Paula de Fougerolles 2009

The island of Iona with the modern Abbey left foreground, Dun I center


Iona, a small island in the Inner Hebrides off the west coast of Scotland, was a center of Christianity in Europe for much of the Middle Ages.  Columba, or Colum Cille as he was known, exiled from Ireland because of his part in the battle of Cul Dreimne, founded a monastery here in 563 A.D.  Under his leadership, Iona became a center of learning, culture and civilization, a light in the Dark Ages.  Missionaries sent out from Iona re-introduced Christianity and its attendant culture to the Northern English, and converted the Picts of Caledonia.

Iona became a major pilgrimage site, attracting visitors from all over Europe.  Many early Scottish, Irish, Norse and French kings chose to be buried on Iona, attesting to its wide fame as a holy island, the locus of the cult of St. Columba.  It is likely that much or all of The Book of Kells, the pre-eminent example of Irish manuscript art, was produced in the scriptorium at Iona, and then moved to Kells in Ireland when the monastery was abandoned in the face of viking predations in the ninth century.  Embedded in the earliest Irish annals is a stratum of information relating to battles and the affairs of kings which could only have come from Iona; it is this that historians call “The Chronicles of Iona”.  The present Benedictine Abbey was built in 1203.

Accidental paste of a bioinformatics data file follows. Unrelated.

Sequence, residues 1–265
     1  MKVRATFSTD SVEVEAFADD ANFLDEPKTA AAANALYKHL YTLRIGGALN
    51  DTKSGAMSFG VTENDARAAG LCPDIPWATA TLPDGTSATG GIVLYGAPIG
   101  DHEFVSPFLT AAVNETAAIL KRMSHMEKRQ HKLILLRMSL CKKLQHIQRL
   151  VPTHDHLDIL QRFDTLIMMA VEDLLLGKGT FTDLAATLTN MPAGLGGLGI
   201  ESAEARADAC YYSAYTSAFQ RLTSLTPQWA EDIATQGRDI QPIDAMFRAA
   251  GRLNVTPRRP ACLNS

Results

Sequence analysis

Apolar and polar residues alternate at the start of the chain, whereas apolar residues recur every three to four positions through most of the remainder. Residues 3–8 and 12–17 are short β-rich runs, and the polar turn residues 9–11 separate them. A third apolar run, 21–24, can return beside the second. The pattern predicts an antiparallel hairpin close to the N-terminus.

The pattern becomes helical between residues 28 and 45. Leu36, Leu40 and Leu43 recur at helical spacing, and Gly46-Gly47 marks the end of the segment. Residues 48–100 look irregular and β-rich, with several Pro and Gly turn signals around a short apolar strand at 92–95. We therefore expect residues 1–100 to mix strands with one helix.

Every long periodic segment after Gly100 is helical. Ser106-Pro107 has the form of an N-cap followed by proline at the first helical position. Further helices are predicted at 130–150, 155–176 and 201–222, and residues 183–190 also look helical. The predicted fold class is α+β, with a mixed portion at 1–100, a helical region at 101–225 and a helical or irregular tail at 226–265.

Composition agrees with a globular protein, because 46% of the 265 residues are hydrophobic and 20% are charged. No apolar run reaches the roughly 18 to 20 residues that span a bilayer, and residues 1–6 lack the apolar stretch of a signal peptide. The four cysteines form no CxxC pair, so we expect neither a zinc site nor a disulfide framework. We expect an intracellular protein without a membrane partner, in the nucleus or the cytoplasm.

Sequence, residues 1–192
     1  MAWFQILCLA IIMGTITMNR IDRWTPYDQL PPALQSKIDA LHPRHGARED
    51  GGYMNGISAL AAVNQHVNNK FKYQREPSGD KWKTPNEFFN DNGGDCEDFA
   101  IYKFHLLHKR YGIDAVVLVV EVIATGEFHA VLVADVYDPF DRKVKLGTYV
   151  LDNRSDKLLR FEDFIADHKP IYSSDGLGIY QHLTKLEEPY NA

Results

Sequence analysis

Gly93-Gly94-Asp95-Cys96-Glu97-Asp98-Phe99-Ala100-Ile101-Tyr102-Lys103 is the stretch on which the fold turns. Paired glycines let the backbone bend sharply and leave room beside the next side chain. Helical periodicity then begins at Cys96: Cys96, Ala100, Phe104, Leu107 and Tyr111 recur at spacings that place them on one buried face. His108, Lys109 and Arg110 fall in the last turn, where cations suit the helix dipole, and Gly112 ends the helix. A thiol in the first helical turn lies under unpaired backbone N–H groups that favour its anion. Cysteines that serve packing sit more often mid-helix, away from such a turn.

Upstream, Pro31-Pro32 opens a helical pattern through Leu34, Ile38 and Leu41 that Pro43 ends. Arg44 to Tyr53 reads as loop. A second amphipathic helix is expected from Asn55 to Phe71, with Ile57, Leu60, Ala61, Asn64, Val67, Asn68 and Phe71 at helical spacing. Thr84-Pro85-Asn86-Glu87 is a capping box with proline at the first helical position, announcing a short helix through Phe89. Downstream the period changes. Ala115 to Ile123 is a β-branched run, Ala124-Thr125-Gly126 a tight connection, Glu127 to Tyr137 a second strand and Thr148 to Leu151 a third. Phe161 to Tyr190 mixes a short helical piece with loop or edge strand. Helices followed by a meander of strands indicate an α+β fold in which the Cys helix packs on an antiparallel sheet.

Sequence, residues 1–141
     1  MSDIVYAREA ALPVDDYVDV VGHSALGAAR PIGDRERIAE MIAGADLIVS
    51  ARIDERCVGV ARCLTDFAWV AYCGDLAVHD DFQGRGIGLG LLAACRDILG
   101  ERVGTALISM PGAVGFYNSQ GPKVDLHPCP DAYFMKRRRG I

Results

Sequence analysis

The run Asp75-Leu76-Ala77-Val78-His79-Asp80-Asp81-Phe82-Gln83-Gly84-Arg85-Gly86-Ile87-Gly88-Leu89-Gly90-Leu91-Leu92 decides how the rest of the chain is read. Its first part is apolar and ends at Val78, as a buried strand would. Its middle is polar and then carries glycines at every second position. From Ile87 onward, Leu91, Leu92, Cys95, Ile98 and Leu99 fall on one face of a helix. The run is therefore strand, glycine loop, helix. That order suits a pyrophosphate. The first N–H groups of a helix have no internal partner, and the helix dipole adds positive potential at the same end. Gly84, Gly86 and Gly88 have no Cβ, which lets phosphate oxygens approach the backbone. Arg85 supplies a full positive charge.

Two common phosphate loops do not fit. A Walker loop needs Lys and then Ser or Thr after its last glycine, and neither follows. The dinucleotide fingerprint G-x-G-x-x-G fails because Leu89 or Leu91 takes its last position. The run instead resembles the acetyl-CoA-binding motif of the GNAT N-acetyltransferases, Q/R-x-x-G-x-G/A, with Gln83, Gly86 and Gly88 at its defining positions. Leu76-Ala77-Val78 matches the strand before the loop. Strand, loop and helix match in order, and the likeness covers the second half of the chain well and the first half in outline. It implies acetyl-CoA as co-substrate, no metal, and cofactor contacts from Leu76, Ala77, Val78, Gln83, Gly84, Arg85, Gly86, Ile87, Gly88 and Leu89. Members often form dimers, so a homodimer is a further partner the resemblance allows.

Today, 125 people call Iona home.  The Iona Community at the Abbey continues the work begun by its founder 1447 years ago.  


Paula de Fougerolles 2009

The Sound of Iona, looking across to the island of Mull



  2 comments for “Iona

  1. tinkyweisblat
    January 1, 2010 at 7:10 pm

    WHAT GORGEOUS PIX! Now I have another place I’d like to visit. Thanks, Paula.

  2. September 30, 2011 at 8:04 am

    I was so glad today to find your blog. I was so taken in by your excerpts from the book and it’s characters. I can not wait to read it.

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